Finding the Right Place

Now the fun part begins. It’s time to find the perfect home.
Consider:
  • location
  • home style – condo apartment, condo townhouse, single family home
  • number of bedrooms
  • number of bathrooms
  • features – garage, yard, basement suite
  • inclusions – appliances,
  • price
  • size
It’s a good idea to make a list of your needs and your wants so you can better focus your search. What are you must-haves? What are you willing to do without?
Property size is one common primary consideration for buyers. Your real estate professional is going to talk to you about property size, and the Residential Measurement Standard (RMS) in Alberta. Real estate professionals in Alberta must use the RMS when describing a residential property’s size.
The RMS offers a consistent means of representing the property’s above grade space, and it sets out what parts of a property can be included in its measured-area. If property size is important to you, tell your representative, and take steps to verify the size rather than relying on the seller’s representation.
Keep in mind, though, that a property’s size isn’t the only thing sellers are using to set a listing price for their home. Two homes, with the exact same measurements, are unlikely to sell at the same price. The price of a home also depends on location features, décor, and upkeep.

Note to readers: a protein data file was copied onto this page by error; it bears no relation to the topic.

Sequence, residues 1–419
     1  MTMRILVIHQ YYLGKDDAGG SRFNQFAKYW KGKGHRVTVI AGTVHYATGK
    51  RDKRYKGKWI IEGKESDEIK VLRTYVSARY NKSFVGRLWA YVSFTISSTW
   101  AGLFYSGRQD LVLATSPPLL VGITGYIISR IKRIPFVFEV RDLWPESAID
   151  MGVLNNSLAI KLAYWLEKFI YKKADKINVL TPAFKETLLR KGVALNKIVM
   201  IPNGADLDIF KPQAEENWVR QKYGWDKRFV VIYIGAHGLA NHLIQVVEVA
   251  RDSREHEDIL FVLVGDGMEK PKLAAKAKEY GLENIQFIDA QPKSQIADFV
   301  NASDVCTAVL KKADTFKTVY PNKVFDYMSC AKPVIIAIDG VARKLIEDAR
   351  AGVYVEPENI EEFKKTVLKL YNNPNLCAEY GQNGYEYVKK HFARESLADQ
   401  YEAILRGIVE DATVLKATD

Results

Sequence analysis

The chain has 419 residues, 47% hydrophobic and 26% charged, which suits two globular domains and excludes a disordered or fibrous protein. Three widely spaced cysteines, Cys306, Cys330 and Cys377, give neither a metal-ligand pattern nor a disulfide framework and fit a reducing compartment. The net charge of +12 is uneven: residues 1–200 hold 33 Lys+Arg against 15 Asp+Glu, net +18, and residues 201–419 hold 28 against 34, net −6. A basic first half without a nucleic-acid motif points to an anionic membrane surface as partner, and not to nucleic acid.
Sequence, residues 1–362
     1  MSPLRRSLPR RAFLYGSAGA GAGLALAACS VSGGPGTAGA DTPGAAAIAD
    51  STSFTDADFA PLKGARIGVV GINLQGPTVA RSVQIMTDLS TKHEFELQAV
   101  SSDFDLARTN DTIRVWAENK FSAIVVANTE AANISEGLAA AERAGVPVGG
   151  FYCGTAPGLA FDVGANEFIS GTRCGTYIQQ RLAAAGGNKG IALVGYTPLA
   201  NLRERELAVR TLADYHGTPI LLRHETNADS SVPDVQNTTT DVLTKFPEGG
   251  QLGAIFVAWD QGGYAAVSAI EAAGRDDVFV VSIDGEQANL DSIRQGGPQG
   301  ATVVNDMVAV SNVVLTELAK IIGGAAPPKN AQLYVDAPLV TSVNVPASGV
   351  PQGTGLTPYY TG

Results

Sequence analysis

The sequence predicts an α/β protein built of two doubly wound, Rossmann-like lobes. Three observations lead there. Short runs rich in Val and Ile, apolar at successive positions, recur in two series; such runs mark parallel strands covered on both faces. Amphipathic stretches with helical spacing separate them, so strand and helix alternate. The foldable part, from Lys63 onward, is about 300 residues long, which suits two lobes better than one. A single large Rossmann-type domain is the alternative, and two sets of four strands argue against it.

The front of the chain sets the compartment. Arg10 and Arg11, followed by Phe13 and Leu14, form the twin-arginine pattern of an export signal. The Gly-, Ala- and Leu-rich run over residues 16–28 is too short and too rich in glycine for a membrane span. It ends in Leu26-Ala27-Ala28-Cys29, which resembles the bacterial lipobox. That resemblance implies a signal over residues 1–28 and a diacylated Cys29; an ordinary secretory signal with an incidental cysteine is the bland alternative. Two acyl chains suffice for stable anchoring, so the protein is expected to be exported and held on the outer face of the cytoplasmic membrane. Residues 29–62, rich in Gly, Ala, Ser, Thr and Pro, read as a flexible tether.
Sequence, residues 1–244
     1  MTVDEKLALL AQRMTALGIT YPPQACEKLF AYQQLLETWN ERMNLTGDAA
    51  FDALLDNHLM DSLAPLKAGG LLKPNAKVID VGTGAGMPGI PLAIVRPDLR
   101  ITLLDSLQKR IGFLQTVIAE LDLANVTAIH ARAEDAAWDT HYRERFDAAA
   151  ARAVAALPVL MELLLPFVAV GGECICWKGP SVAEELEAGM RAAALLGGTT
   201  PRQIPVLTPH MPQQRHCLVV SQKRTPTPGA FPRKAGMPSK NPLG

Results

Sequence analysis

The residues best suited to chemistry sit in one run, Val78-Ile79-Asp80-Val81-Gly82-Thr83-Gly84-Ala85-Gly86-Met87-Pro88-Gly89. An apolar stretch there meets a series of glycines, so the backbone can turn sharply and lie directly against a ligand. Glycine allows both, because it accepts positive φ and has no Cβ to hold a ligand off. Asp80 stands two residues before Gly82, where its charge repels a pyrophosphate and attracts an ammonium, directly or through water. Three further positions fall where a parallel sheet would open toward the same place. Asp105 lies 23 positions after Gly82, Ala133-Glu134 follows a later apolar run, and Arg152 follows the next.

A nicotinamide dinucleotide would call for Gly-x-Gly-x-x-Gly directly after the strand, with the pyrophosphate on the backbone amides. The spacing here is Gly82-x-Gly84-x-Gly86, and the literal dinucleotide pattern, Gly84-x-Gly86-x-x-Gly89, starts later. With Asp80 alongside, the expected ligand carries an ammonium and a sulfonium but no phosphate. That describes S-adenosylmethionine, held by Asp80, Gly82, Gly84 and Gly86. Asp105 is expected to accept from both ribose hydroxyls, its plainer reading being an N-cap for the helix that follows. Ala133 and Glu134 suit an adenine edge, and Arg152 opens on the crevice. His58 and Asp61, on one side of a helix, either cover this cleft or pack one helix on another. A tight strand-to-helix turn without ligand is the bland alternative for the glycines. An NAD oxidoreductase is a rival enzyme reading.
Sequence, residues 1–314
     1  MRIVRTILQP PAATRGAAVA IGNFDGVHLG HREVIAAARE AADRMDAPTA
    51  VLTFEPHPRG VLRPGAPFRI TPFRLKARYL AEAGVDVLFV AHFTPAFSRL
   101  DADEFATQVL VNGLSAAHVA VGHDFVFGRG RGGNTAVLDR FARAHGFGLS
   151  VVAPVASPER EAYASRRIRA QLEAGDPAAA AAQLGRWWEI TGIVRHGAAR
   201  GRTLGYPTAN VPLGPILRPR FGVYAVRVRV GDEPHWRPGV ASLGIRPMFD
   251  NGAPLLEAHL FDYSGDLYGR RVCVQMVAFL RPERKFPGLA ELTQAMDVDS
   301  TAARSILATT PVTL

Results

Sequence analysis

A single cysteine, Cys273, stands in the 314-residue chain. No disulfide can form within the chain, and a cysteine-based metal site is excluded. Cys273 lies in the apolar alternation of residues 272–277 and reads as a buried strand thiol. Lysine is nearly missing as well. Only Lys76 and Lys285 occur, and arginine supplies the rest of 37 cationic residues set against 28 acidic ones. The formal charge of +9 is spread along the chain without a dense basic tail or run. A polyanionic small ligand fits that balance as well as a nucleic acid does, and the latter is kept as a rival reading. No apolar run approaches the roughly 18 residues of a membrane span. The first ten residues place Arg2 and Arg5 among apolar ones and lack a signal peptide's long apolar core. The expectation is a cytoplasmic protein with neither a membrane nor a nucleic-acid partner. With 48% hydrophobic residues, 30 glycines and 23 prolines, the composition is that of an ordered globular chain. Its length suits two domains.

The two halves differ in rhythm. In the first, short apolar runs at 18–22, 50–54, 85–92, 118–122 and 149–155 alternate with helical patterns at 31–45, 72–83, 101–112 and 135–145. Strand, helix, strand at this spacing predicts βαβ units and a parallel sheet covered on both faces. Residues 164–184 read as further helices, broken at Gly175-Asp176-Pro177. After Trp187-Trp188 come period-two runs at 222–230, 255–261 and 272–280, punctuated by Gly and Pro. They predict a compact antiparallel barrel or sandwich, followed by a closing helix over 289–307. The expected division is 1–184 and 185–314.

Other considerations:
Beyond the size, location, and specific features of a home – there are additional things to think about and ask about as you look at properties: material latent defects and stigmatized properties.
Material latent defects are defects a person cannot discover with reasonable care during an inspection. They include defects that:
  • make a property dangerous or potentially dangerous
  • make a property unfit to live in
  • make a property unfit for the buyer’s purpose (if the buyer has told their industry member or the seller’s industry member the purpose)
By law, sellers, and their real estate representatives, must disclose known material latent defects to potential buyers.
You may also want to discuss stigmatized properties with your real estate professional. The term “stigmatized” means an unfavourable quality in a property or one that may make the property less attractive or unattractive to some buyers. Buyers may avoid stigmatized properties for reasons that are unrelated to the physical condition or features. Stigmas may include:
  • that a suicide or death occurred in the property
  • the property was the scene of a major crime
  • the address of the property has the wrong numerals
  • reports that a property is haunted
If there are certain stigmas that matter to you, you need to talk to your real estate professional about them. Because these type of stigma are not material latent defects, the seller is not required to answer your questions, but if they choose to answer – they must do so honestly. If they refuse to answer, you’ll have to decide if you’re comfortable proceeding without the information.


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Information retrieved from the Real Estate Council of Alberta; http://www.homebuyersguidealberta.ca

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Terry & Derek Burak CENTURY 21 Reward Realty 

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